What does the cabinet secretary have to say to that parent? Is he proud of his Government’s record on the delivery of curriculum for excellence and the new exams? Will he take full responsibility for them?

Michael Russell: It is important that, when people who are involved in education—this applies to people at every level—have concerns, they raise those concerns in the way that is most supportive of young people, particularly young learners. With 42 days to go to the exams, I stand with Jackie Brock, the chief executive officer of Children in Scotland, who, on this issue, today said:

“Young people themselves will not be worrying about the departure of one individual from the SQA. Their main priority right now is to study and revise for their exams. They deserve the best in consistent support from all of us.”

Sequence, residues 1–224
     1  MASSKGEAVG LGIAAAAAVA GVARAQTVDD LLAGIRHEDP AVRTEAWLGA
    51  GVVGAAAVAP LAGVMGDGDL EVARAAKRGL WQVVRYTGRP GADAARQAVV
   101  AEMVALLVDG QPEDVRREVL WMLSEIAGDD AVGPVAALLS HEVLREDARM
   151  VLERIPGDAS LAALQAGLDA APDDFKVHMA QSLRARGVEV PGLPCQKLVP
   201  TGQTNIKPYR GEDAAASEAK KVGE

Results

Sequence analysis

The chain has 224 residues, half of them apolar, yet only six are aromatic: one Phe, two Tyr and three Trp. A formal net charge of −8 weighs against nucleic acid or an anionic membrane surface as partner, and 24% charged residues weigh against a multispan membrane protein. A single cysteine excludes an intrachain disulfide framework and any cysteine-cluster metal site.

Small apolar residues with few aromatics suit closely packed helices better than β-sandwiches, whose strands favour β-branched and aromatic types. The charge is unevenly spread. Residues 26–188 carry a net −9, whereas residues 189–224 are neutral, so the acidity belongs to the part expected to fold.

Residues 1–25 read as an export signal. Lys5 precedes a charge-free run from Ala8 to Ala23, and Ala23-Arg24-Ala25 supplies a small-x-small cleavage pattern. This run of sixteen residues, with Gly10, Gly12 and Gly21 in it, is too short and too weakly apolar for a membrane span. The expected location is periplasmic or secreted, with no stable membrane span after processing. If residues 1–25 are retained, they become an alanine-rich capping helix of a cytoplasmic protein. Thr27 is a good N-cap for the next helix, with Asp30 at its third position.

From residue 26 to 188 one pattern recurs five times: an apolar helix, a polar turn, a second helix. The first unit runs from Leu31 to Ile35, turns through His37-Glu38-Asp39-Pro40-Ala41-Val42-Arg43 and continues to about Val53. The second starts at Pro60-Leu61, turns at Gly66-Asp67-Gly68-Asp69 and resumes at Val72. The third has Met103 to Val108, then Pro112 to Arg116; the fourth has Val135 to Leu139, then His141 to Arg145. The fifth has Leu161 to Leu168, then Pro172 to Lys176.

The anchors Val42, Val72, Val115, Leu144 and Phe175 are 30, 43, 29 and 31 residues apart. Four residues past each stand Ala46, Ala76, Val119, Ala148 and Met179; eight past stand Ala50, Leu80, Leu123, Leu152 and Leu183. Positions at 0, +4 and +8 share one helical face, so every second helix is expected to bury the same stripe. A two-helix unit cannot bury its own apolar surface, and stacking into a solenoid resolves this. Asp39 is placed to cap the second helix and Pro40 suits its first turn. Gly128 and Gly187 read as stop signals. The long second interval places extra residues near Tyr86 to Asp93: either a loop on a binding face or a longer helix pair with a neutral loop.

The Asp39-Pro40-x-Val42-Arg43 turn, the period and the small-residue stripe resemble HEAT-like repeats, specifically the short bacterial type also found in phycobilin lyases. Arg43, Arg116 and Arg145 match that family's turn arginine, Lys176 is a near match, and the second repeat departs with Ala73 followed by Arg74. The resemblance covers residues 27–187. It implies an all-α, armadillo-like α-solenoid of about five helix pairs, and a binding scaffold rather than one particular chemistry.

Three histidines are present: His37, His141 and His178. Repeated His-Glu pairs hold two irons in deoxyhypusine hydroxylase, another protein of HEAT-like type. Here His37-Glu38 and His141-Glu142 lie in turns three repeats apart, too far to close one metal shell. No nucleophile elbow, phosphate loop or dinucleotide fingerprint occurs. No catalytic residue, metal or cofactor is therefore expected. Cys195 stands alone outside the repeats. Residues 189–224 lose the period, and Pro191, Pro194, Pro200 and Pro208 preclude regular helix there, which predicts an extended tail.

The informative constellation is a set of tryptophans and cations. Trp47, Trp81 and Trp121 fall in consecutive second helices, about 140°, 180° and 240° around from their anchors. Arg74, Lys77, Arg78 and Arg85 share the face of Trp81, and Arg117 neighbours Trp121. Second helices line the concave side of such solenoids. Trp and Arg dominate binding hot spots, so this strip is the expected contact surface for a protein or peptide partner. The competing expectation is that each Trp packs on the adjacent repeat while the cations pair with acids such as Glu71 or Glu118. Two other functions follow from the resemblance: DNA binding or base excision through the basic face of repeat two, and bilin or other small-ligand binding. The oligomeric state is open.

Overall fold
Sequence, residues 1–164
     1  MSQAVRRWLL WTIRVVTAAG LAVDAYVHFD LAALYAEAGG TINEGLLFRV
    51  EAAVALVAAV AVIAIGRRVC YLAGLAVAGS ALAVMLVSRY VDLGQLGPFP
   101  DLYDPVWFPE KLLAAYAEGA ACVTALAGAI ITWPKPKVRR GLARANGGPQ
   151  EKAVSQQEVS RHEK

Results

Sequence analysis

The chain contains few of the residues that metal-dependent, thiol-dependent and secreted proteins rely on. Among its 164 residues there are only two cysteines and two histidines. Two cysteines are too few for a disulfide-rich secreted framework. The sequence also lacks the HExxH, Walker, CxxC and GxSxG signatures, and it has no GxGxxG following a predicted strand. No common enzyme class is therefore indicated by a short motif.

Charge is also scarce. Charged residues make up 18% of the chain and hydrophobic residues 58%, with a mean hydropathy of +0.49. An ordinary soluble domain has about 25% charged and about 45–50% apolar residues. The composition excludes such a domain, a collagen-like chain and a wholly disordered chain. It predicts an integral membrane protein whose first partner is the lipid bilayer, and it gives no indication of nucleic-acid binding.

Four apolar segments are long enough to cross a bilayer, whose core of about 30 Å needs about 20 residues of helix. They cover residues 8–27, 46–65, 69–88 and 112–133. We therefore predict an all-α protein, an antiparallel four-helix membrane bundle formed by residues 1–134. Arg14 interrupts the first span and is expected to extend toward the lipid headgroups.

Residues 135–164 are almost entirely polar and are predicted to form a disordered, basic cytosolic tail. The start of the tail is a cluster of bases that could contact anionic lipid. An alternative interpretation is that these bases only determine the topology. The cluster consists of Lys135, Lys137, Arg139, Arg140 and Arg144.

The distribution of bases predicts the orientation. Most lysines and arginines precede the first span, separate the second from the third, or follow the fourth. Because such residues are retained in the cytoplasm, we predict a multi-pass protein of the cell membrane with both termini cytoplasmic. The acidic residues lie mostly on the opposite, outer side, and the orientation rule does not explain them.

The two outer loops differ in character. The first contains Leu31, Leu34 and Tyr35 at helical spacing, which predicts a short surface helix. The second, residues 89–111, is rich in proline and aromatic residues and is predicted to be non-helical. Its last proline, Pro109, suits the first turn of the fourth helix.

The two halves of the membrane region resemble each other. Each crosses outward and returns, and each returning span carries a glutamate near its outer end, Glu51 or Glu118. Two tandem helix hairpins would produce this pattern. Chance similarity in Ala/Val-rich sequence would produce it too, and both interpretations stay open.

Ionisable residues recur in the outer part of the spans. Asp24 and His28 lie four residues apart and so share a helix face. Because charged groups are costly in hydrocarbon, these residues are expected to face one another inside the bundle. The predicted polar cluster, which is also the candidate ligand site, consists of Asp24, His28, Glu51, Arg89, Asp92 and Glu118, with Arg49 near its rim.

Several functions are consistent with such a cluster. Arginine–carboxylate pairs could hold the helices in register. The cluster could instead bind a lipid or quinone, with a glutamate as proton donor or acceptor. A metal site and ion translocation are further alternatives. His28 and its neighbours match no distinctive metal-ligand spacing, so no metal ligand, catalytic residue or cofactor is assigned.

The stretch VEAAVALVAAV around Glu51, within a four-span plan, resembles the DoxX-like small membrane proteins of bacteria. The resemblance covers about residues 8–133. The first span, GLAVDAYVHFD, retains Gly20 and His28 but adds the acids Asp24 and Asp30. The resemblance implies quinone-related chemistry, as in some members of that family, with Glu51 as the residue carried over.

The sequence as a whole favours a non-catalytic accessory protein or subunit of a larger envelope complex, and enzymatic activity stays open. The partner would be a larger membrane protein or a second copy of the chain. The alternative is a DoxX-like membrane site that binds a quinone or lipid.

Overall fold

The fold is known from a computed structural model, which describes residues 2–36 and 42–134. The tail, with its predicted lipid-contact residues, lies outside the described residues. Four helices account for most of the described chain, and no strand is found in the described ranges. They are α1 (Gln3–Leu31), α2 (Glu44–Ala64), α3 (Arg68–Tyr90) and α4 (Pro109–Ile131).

I have some advice for the member who asked the question: it is probably best to contact the SQA to ask a question before contacting the newspapers. That will provide the best support that can be given to our young people.

I would be happy to outline for the member, either here or in writing, the very substantial support that has been in place for many years for the new national qualifications. Such support for CFE remains in place, and it has been warmly welcomed by the teaching unions, among others, every time we have put it in place.

We now need to move towards the first diet of exams—which I stress is only 42 days away—in a way that supports our learners and does not simply seek publicity for politicians.

Kezia Dugdale: The cabinet secretary says that the support package has been warmly welcomed by the Educational Institute of Scotland. That is the EIS that said that it has not encountered such widespread anger, disappointment and frustration with the exams authority as it is currently witnessing. I do not blame the SQA; I blame the cabinet secretary. It will be his responsibility when this goes wrong.